British Columbia’s lodgepole pine (Pinus contorta Dougl. Ex Loud. Var. latifolia Engelm.) forests are experiencing a mountain pine beetle (Dendroctonus ponderosae Hopkins) (MPB) epidemic. It is predicted that 80% of the susceptible pine (age class 5 and older) will be killed and the Prince George TSA AAC will fall below 75% of the pre – MPB AAC. The post beetle mid-term AAC is dependent on there being no attack in stands =60 years old (age classes 1, 2 and 3) and only 50% attack in age class 4. The Chief Forester has predicted a significant timber supply fall down in the mid-term (1). This prediction is based on the above attack assumptions as well as stands first attacked are first to the mill for processing and the attacked trees have a shelf life of 10 years (5 years for saw logs (13)). We have been assessing (sampling) the impact of MPB in young to mature (age classes 1 to 8) pine leading stands in the: southern portion of Prince George Forest District [SBS dw2, dw3, mk1, wk1, mw, and vk]; the south – central part of the Vanderhoof District [SBS dw2, dw3, mc2, and mc3], and the southeast portion of the Lakes TSA (SBS dk). This work is and has been supported by FSP – MPB projects Y061021, M065002, and CFS MPBI projects 8.23 and 8.59. We sampled 50 mature (age class 6 to 8) stands (303 plots) in 2004, 201 stands (1005 plots across all age classes) in 2005 and 140 stands (640 plots across all age classes) in 2006. An additional 10 stands will be sampled by the end of March 2007. More than 125 stands (600 plots), in the SBS dk, dw2, dw3, mc2, and mc3 will be re-measured by the end of March 2007. All re-sample data is combined with initial data to allow both temporal and spatial analysis. Initial findings show attack rates in older stands are at or above the predicted 80% level (2). Attack rates far exceed 80% when only pine is considered. From our observations, age class 4 stands have attack rates similar to the older mature stands: 80% rather than the assumed 50%. In 2005, pine leading age class 1 to 3 stands located in the southwest portion of the Prince George TSA had attack rates of approximately 10% in age class 1 and about 25 and 30% in age classes 2 and 3 respectively. A subset of the 2005 stands was re-measured in 2006. We found that re-sampled attack rates changed to 22, 24 and 49% in age classes 1 to 3 respectively. Clearly the MPB is more successful in young stands than previously thought: at the landscape level at least 25% of the largest trees have been attacked. Attack rates in stands first sampled in 2006 (Bowron and Willow drainages) were 20, 38 and 43% for age classes 1 to 3 respectively: considerably higher than that observed in the drier sub-zones to the west. Preliminary findings from young age classes indicate substantial attack rates in all younger age classes; however the variability among stands is large which makes management recommendations more difficult. Our findings are contrary to the published literature (3,4) and timber supply assumptions (5,6). The attack of younger age class stands will further exacerbate the mid-term timber supply fall down referred to by the Chief Forester (1,7). In addition to MPB mortality and attack, we have sampled: tree layer dbh (diameter at breast height) and height, regeneration height [species <1.4 m tall], advanced regeneration height and dbh [species =1.4 m in height and <7.5 cm at dbh], shrub, herb and moss cover, tree hierarchy (dominant, co-dominant, etc), and crown closure. Attack is generally focused on trees with a dbh =15 cm but about 10% of the trees between 7.5 and 10 cm have been successfully attacked. Regardless of age class, except in the SBS dk, many stands have a stocked regeneration layer. Characterizing stand dynamics and landscape patterns temporally and spatially across the affected area will identify the key variables (assumptions) which need to be incorporated into a viable up-to-date timber supply analyses in the central BC interior (Prince George Timber Supply Area). Furthermore, the data will allow us to describe i) residual stand structure after MPB attack, ii) regeneration in MPB affected stands in a range of SBS sub-zones, and iii) MPB attack levels in young (age class 1 to 3), transitional (age class 4) and mature (age classes =5) stands. Our preliminary findings indicate that regeneration and advanced regeneration differ by sub-zone and site series. As a result, when the mature layer is killed by the beetle, some stands may be satisfactorily stocked and others will not be stocked. The critical unknown is in which stand structures the regeneration will release. This is particularly important for the younger age class stands that are the ones most likely not to be logged (economically unviable). Given the limited resources available for post MPB restoration, knowing which stands in each sub-zone that will likely have adequate regeneration and release provides a ranking of the need for intervention in a stand. This will allow for allocation of fiscal resources in the most efficient fashion. The speed at which the regeneration component releases also has a significant impact on future timber supply, particularly the mid-term. As a result of the high levels of MPB activity observed in young pine stands, in 2007, we will continue to re-sample age classes 2 to 4 (older age class 1 in areas with extreme attack) (areas first sampled in 2005 and 2006 or re-sampled in 2006) in the SBS dk, mc2, mc3, dw2, dw3, mk1, wk1, mw, and vk in order to understand some temporal effects of MPB dynamics within these stands. There is a paucity of information on MPB dynamics in young age class pine leading stands. Collection of this data will also allow better parameterization of timber supply analysis in the Prince George and Lakes TSA and better management of attacked but unlogged stands. In 2007, we propose to sample young pine leading stands and some adjacent mature stands in the Salmon and Fraser River drainages and the Bear Lake area. This will further facilitate our understanding of MPB dynamics in young stands in the sub-boreal, improve timber supply analysis, assist restoration activities, and detail stand development projections in the Prince George TSA. The extent to which the MPB is attacking younger stands (age class 1 to 4) with smaller trees is a crucial component for: timber supply considerations, planning for restoration activities on unlogged stands, and determining and planning for social impacts on affected communities (Pers. Com. J. Snetsinger, BC Chief Forester, December 2004). Without the young stand data, plans to deal with these issues will not be complete and will potentially fail.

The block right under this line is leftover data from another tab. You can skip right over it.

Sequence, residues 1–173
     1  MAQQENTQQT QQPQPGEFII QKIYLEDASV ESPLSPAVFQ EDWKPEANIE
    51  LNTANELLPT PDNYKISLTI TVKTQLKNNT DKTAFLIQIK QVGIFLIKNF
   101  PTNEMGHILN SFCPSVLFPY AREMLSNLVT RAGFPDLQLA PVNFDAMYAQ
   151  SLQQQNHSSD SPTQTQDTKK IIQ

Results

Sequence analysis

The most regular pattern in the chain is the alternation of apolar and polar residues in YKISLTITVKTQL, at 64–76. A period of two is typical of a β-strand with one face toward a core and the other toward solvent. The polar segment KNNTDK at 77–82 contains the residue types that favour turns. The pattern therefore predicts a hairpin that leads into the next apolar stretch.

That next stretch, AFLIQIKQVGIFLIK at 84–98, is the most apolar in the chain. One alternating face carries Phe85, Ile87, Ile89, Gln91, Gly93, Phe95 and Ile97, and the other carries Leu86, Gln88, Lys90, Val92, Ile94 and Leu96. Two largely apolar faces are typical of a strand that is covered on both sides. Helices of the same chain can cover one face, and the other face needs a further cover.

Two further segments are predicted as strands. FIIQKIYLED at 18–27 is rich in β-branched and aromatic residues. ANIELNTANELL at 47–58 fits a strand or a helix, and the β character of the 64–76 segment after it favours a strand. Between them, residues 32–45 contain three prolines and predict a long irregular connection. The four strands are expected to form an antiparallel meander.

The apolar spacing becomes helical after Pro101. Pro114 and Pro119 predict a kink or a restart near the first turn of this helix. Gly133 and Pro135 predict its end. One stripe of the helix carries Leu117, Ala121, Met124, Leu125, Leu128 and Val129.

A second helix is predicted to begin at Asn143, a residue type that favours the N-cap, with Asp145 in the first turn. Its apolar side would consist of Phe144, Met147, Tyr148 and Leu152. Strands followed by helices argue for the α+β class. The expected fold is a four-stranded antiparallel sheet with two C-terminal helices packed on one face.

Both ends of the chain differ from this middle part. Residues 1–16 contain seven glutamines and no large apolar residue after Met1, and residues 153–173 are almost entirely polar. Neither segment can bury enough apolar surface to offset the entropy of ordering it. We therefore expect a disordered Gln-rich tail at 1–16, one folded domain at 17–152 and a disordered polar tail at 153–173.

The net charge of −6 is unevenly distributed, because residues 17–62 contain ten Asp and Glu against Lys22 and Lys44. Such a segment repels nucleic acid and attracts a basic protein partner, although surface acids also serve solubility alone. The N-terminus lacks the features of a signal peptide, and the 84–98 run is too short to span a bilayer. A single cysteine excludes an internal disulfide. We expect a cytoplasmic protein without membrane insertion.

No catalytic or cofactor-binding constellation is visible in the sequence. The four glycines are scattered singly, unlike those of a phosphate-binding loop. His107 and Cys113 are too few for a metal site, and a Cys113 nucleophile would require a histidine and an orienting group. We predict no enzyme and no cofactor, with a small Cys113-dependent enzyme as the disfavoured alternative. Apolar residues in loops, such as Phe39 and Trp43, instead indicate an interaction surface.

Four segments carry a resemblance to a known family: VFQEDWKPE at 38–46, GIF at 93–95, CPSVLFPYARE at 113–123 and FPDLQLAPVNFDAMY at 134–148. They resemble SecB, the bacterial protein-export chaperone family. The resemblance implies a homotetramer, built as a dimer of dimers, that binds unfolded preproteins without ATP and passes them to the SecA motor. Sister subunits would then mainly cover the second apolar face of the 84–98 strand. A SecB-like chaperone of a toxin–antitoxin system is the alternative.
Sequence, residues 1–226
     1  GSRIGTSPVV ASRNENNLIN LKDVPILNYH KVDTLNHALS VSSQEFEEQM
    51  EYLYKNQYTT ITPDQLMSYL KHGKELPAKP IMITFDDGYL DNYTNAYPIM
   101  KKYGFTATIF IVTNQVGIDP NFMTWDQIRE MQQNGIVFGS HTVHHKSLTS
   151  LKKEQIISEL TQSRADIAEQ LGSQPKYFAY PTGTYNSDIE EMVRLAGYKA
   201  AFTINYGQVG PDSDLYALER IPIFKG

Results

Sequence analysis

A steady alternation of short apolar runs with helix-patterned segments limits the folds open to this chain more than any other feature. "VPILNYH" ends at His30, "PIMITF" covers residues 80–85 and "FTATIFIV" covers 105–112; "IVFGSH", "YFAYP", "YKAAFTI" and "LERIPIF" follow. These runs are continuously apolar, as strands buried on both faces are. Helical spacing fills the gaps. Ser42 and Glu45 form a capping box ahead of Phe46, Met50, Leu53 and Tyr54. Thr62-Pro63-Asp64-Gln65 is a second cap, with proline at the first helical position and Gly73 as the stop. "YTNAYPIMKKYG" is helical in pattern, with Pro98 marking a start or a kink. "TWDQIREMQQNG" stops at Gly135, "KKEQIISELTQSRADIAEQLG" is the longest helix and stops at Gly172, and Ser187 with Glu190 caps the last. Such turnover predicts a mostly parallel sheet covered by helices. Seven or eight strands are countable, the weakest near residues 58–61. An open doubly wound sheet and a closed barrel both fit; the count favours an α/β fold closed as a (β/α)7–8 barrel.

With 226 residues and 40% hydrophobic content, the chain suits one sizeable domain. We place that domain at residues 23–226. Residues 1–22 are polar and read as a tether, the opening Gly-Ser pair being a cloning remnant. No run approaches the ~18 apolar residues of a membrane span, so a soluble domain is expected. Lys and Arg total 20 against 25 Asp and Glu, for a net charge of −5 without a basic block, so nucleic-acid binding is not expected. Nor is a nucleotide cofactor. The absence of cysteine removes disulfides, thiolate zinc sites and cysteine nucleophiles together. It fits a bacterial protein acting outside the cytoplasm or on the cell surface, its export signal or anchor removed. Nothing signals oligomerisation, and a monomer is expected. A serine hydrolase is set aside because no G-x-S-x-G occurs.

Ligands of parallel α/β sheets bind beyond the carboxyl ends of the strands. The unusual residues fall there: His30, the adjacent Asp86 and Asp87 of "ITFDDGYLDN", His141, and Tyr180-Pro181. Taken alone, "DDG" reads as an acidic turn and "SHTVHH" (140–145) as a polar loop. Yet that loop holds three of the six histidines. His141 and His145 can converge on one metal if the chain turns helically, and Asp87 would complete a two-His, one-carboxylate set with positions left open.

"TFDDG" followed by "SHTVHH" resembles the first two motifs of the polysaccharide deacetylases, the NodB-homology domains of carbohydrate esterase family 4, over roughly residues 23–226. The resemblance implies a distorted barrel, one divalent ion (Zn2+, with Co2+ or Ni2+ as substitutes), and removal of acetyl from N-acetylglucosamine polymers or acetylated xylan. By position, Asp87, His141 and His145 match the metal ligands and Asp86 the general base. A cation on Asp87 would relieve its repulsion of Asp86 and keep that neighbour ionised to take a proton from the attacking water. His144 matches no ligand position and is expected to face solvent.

Executive Summary (99Kb)
MPB Workshop Presentation (0.9Mb)
Projected Pine Growth (Presentation) (2.7Mb)
Lodgepole Pine Stands After MPB Attack (Presentation) (5.5Mb)
Stand Dynamics (Presentation) (0.4Mb)
Summary of MPB Field Tour (16Kb)
Data Tables (65Kb)

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Updated August 16, 2010